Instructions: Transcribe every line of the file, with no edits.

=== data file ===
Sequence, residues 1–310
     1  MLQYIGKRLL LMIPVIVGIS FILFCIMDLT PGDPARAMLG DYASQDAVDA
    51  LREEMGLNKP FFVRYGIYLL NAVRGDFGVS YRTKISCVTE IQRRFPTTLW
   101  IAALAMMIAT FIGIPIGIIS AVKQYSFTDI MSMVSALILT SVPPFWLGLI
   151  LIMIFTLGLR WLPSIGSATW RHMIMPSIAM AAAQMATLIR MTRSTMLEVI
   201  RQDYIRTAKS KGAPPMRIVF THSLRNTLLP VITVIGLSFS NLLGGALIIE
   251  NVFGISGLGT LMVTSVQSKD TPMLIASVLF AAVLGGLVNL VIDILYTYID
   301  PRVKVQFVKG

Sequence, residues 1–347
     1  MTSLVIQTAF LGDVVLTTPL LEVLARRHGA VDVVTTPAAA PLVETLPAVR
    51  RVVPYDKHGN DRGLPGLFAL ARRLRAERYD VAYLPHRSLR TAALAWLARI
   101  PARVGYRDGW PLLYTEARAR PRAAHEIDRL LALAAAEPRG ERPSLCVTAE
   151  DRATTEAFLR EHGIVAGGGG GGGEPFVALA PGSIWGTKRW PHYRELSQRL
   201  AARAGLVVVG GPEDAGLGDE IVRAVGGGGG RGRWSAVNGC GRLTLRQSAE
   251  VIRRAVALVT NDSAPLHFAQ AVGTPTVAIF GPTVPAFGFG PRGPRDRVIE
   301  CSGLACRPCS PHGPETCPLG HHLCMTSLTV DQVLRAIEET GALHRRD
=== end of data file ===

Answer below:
Sequence, residues 1–310
     1  MLQYIGKRLL LMIPVIVGIS FILFCIMDLT PGDPARAMLG DYASQDAVDA
    51  LREEMGLNKP FFVRYGIYLL NAVRGDFGVS YRTKISCVTE IQRRFPTTLW
   101  IAALAMMIAT FIGIPIGIIS AVKQYSFTDI MSMVSALILT SVPPFWLGLI
   151  LIMIFTLGLR WLPSIGSATW RHMIMPSIAM AAAQMATLIR MTRSTMLEVI
   201  RQDYIRTAKS KGAPPMRIVF THSLRNTLLP VITVIGLSFS NLLGGALIIE
   251  NVFGISGLGT LMVTSVQSKD TPMLIASVLF AAVLGGLVNL VIDILYTYID
   301  PRVKVQFVKG

Sequence, residues 1–347
     1  MTSLVIQTAF LGDVVLTTPL LEVLARRHGA VDVVTTPAAA PLVETLPAVR
    51  RVVPYDKHGN DRGLPGLFAL ARRLRAERYD VAYLPHRSLR TAALAWLARI
   101  PARVGYRDGW PLLYTEARAR PRAAHEIDRL LALAAAEPRG ERPSLCVTAE
   151  DRATTEAFLR EHGIVAGGGG GGGEPFVALA PGSIWGTKRW PHYRELSQRL
   201  AARAGLVVVG GPEDAGLGDE IVRAVGGGGG RGRWSAVNGC GRLTLRQSAE
   251  VIRRAVALVT NDSAPLHFAQ AVGTPTVAIF GPTVPAFGFG PRGPRDRVIE
   301  CSGLACRPCS PHGPETCPLG HHLCMTSLTV DQVLRAIEET GALHRRD